A. It’s important to look at the total cost of ownership and benefits that can be achieved. The peak shaving, load management or other electric market benefits that can be received typically offset costs and contribute significantly to paying for the Tier 4 Final solution. It is our experience that a Tier 4 Final certified system is actually less costly in initial acquisition and total cost of ownership in comparison to a Tier 2 system with aftertreatment. Our Tier 4 Final package promises better fuel efficiency, lower maintenance costs and reduced downtime. Additionally, the SCR catalytic converter is designed to last the life of the engine.

Q. It is sometimes claimed that new engines with emission mitigation have shorter lifetimes than older engines. Is that true?

A. The combination of SCR, non-cooled EGR and an air throttle system help to reduce the amount of NOx emitted by our engines. The air throttle controls the amount of air entering the engine, which in turn affects the exhaust temperature that determines how much particulate matter is burned off by SCR. The throttle closes partially during light loading to maintain the necessary engine temperature for meeting those requirements. Together, these elements provide a simple solution for Tier 4 final while reducing wear in the engine over time and improving reliability.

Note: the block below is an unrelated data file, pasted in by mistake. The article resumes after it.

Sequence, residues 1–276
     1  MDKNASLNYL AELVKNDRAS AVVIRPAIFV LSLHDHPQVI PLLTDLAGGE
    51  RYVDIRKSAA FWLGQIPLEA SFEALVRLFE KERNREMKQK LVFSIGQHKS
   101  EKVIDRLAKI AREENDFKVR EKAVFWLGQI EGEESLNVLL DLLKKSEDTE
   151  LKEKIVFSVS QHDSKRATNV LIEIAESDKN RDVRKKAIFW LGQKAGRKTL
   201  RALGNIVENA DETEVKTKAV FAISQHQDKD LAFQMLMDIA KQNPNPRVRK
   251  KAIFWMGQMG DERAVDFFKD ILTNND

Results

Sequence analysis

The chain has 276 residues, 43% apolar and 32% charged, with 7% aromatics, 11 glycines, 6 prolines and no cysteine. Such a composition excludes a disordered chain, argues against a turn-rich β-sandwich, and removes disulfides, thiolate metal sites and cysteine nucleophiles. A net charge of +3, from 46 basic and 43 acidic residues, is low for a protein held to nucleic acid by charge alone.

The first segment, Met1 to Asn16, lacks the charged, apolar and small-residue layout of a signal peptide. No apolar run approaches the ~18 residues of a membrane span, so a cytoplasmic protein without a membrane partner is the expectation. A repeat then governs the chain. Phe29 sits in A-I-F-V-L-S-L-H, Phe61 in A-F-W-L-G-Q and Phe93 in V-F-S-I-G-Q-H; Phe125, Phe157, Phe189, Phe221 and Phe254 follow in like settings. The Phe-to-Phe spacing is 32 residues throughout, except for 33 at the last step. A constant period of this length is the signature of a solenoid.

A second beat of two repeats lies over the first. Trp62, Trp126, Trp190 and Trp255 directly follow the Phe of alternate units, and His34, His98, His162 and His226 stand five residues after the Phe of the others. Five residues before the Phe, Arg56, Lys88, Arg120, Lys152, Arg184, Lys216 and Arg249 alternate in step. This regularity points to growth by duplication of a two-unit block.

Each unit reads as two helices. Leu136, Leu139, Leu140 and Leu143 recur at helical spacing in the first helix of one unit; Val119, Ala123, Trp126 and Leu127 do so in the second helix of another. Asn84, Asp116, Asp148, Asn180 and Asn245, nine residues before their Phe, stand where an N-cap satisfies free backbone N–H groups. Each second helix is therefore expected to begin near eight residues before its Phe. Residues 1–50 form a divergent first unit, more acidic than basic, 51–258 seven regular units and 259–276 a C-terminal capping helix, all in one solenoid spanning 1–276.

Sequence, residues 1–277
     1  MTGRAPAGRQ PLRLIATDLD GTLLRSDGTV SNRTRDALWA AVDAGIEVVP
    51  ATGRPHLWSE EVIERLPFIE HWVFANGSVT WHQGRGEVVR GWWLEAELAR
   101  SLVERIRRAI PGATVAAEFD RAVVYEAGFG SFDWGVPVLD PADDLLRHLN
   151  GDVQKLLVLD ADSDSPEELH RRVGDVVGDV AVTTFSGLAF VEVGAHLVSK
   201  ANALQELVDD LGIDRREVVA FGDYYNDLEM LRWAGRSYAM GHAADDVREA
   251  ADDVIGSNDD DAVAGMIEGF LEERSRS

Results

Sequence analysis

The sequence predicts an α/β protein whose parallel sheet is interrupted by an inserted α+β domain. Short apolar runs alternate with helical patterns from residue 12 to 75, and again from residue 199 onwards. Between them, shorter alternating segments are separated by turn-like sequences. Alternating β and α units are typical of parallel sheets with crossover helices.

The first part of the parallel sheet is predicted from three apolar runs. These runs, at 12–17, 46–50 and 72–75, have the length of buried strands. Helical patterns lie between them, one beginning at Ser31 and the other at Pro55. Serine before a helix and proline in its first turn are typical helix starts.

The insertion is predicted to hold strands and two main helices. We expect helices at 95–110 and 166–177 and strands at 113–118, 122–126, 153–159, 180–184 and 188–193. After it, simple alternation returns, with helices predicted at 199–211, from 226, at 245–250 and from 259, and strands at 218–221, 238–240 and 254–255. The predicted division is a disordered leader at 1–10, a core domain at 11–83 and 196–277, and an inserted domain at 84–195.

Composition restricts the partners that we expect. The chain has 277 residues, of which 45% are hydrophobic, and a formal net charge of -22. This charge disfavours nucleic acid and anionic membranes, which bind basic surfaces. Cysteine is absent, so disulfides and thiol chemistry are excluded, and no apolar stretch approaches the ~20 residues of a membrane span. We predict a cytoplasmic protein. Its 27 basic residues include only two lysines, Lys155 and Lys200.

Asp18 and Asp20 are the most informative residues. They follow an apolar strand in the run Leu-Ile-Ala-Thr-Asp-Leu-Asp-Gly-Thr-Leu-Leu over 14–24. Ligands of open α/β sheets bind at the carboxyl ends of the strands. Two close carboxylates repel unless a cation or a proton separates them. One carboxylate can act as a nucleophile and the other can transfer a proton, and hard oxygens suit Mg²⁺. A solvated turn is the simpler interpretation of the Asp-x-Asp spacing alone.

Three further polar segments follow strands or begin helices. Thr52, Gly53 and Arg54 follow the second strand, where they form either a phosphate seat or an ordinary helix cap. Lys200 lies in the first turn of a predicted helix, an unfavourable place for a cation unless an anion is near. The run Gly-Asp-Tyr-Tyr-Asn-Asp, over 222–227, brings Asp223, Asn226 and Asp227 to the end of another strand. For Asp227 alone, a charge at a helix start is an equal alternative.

Q: How about performance in cold weather climates?

A: The Volvo Penta Tier 4 Final engines perform exactly the same in cold temperatures as previous emission-step engines.

Q. Do the Tier 4 Final pollution controls hamper the reliability of the engines for data center applications?

A. Data centers have traditional employed pollution avoidance measures like increased stack height, which is very costly, or limiting operating hours. A Tier 4 Final engine reduces installation costs and allows unlimited operation. In reality, the flexibility to test and run engines more often during system checks and maintenance actually increases system reliability. The latitude to run an emergency backup system without restriction also leads to increased facility uptime.

Q. What about shutdowns when the SCR system is not functioning properly, for instance if Diesel Exhaust Fluid (DEF) runs out?

A. There is a concern that the engine will automatically shut down if the SCR system is not working properly to reduce emissions. We have worked with our power generation partners to design a system that mitigates inducement. This is done predominately through sizing of the DEF tank to match the fuel tank on site. This is because diesel fuel and DEF are typically delivered from the same provider. In addition, there is an emergency inducement override in compliance with Federal regulations, which allow the Tier 4 Final system to continue operating during an emergency event even if the SCR is not functioning properly.

Q. Is it true that all Tier 4 Final solutions require diesel particulate filters (DPFs)?

A. Some Tier 4 Final engines from other manufacturers use a DPF to meet the requirement for particulate matter reduction. A downside for DPFs is their need for intermittent downtime for regeneration. In addition, DPFs have higher maintenance costs and require frequent replacement. Volvo Penta’s Tier 4 Final uses a more efficient and improved SCR solution that reduces particulate matter emissions without a DPF.